The gravest emergency to confront the U.S. in decades has fallen on the watch of a uniquely unfit president. At a time when the world should be looking to the White House for wisdom and leadership, it finds only Donald Trump's characteristic blend of incompetence and dishonesty. His musings last week about killing the virus by ingesting disinfectant were a gift to comedians, but as always with Trump, the joke is on us.
Fortunately, many mayors and governors (though not all) have been rising to the challenge, taking action, heeding science, communicating reliable information, and collaborating with one another. In Washington, the Federal Reserve delivered prompt and comprehensive interventions to support the financial system. Even Congress, for all its dysfunction, has acted faster than its record of partisan paralysis would have suggested.
One of the virtues of our federal system of government is that it has sufficient strength and depth to keep working even if the person at the top isn't up to the job. But internationally, the picture is deeply troubling. America's abdication of leadership during a crisis that demands international cooperation is far more difficult to remedy.
The coronavirus pandemic is a global emergency, which makes it both necessary and possible to align governments as allies in a war against the disease. But that has not happened. Resources — materials, information, research — should have been marshaled to avoid waste and duplication; they were not. Export controls on essential equipment should have been discussed and agreed to, where necessary; instead, countries imposed them unilaterally. The World Health Organization and other agencies should have been recognized as vital global assets, staffed and funded accordingly; President Trump, in an attempt to shift blame away from the White House, announced that he would withhold funding to the WHO.
The president's failure to play a leadership role in coordinating the global response has a terrible cost that can be seen in the numbers of both lost lives and lost jobs. Before the pandemic hit, a sky-high stock market masked deep economic problems — including weak capital investment, low growth rates and rising inequality — that were being made worse by Trump's misguided and counterproductive trade wars and tax policies. Now, if Trump's assault on the global trading system continues, the economic recovery will be slow in coming and tepid when it arrives.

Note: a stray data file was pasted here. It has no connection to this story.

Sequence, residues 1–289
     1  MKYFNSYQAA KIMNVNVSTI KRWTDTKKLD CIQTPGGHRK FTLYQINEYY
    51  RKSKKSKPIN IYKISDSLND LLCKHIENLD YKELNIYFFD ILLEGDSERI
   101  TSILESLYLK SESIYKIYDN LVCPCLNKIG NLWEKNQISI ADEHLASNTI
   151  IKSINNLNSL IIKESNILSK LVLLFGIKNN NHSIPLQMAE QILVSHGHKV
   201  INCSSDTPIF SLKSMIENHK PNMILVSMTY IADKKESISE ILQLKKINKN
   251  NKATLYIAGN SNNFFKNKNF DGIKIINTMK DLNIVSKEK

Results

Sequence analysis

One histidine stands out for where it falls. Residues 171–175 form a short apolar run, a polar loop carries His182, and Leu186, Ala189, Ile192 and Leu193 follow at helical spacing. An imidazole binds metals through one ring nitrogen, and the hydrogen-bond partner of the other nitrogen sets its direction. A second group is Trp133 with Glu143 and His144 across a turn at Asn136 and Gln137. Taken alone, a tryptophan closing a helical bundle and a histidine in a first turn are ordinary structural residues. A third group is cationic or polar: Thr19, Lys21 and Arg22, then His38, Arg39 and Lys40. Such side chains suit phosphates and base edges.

All these issues should be at the front of the president's mind. They aren't — his obsession with his media treatment remains all-consuming — and in so many ways he's simply made things worse. There's only so much that other governments can do to fill the vacuum. Acting in concert with philanthropic and business allies around the world, they should do what they can.
For instance: The European Union, the Comprehensive and Progressive Agreement for Trans-Pacific Partnership, and other regional efforts at cooperation and mutual assistance could help fill the void. France, Germany, Japan, the U.K. and others can work together in mobilizing the Group of 20. China can play a role in providing debt relief and supplies of equipment for developing nations. All these governments should realize that with the White House on the sidelines, they need to step up, and quickly.
Nongovernmental organizations and foundations also must do more. Alliances blending philanthropic, corporate, and state and city efforts to combat the virus have already been especially valuable. The Bill & Melinda Gates Foundation is spending heavily on the development of vaccines and treatments, and on aid to Africa and South Asia. Bloomberg Philanthropies has launched initiatives to help cities manage the pandemic and to support vulnerable low- and middle-income countries, through its partnership with the WHO.
Trump's disdain for international cooperation should galvanize leaders here in the U.S. and around the world. Of course, presidential leadership can't be fully replaced. But in a time of war, we must fight with the army we have.
Michael R. Bloomberg, the former mayor of New York City, is the founder and majority owner of Bloomberg LP, the parent company of Bloomberg News. He is the UN secretary-general's special envoy for climate action.
A note to our community:
As a public service, this article is available for all. Newsday readers support our strong local journalism by subscribing. Please show you value this important work by becoming a subscriber now.SUBSCRIBE